I have been thinking a lot about leadership lately. Not just my own as I try to grow UnSectored into a platform worthy of our community, but about what it means to lead in a society that is more open and collaborative, and with no clear paths to creating change.
Our upcoming Talk next Monday (learn more and RSVP!!!) will be on this topic, and at the risk of priming the conversation a little too much, I’ll share what I’ve come to through my thinking on leadership:
Leadership is over.
Or, rather, leadership is fundamentally different than it was before we transitioned to a digital, social, and more-open society. It is no longer enough to form an idea and then lead people to action around your vision. The people you want to reach must be an integral part of your leadership process every step of the way, from the formation of the idea to the buy-in from other members of the community to the execution of whatever vision the community decides to create.
Lucy Bernholz, blogger, thinker, and co-facilitator of the #ReCodeGood sessions, recently wrote about civil society’s “Governance in the 21st Century.” She discussed how the wide-spread adoption of social media has made large foundations and nonprofits much more accountable to the general public, something that only government, for the most part, has had to deal with. She said:
Nonprofits are part of civil society which thrives only when it is filled with multiple points of view and diverse approaches to problem solving. The “public” will not agree with every decision a foundation or nonprofit makes and they have a right to express that disagreement… Generating ideas with the public, communicating ideas and theories and strategies with the public, and civilly debating with the public – especially the public that disagrees with you – is going to be a critical attribute in the future.
Nonprofits are not the only ones that need to pay attention to this trend, but all sectors. For example, the makers of the Little Printer used public input to develop their product from the beginning–creating a much broader market and a lot more excitement around it. Operating in this more open way has a huge effect on what it means to be a leader in today’s world.
Once you realize you need to engage the proverbial “public” in all things, the qualities of an effective leader become much different. Instead of devotion to an idea (or an organization or a product), you need to be devoted to the people you want to engage. Instead of an unflinching focus on goals and outcomes, you need to understand that creation takes time and where you end up might not be where you thought you would go. Essentially, you need to assume the role of a facilitator and recognize you and your ideas are just one part of a broader community working to create something bigger.
And if you start working this way, your impact will be much greater, and much more sustainable. I was recently at a StartingBloc conference and was lucky enough to hear from Mitchell Wade, StartingBloc’s chair, talking about sustainable change. He said that “the change that matters is the change that sticks around once you are gone.” The only way to do this is to make sure you have a lot of people working alongside you to execute your collective vision.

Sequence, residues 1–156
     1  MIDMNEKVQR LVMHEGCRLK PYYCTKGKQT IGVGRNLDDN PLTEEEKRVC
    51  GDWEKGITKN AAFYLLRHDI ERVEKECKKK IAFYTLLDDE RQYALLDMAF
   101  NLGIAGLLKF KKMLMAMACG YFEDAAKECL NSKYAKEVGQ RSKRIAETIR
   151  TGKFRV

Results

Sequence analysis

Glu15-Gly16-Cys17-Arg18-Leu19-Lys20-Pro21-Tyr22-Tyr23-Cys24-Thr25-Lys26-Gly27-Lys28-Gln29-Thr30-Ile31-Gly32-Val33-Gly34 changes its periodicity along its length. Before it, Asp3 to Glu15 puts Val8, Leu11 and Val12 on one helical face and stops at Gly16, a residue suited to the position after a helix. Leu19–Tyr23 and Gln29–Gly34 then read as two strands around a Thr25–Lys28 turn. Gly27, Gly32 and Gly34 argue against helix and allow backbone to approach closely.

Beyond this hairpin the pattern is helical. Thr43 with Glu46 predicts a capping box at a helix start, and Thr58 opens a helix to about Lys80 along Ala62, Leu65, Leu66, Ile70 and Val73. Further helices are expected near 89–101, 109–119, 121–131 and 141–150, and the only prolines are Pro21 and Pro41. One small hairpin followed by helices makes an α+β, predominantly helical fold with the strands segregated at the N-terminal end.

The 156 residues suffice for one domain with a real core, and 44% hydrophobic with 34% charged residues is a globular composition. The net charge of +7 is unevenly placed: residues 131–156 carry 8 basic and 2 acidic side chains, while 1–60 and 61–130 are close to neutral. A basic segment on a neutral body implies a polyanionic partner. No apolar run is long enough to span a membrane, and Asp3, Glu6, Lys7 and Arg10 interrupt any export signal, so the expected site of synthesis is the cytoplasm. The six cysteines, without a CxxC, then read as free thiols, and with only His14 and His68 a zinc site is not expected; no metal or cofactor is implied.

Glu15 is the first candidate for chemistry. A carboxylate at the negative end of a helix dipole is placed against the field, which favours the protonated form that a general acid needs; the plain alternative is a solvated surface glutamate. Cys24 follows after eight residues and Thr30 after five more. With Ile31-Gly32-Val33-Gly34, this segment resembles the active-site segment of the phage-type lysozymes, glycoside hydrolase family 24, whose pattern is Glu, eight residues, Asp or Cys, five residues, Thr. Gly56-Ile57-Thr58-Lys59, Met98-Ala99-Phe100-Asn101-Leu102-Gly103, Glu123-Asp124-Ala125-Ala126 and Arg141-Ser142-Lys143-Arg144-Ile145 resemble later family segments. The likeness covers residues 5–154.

I struggle with what I see as a “cult of entrepreneurship” that focuses on and celebrates an individual’s creations and actions, rather than encourages broad-based engagement from multiple people and multiple perspectives. When trying to create change, whether that is from a for-profit model or a nonprofit model, you are, by definition, going to have an impact beyond your own individual scope. (I’d argue that even if you aren’t trying to create change, and just trying to make money, you’ll have an impact beyond your own scope.) If you want to be successful, then you need to think what happens when your impact grows beyond what you can influence, and what you originally intended.
Leading as an individual will not create change that remains once you are gone. Instead, you must facilitate a community that agrees with what you are trying to do (even if it is only one small part of that vision). By becoming a facilitator to support and connect a community of individuals, rather than a becoming leader of individuals, you can do more than you ever could have done alone.
I will admit that this idea–facilitation can lead to greater impact that simple leadership–is nothing new. Actually, this whole post is basically a re-hash of Martin Luther King’s “Drum Major Instinct” speech. You should have just read that instead of this. Sorry. But to pay homage, I’ll end on my favorite quote from that speech:
If you want to be important—wonderful. If you want to be recognized—wonderful. If you want to be great—wonderful. But recognize that he who is greatest among you shall be your servant.
I hope to continue this conversation with you at the Talk on cross-sector leadership next Monday, co-hosted by Laura Tomasko. If you can’t make it, feel free to add your thoughts in the comments section.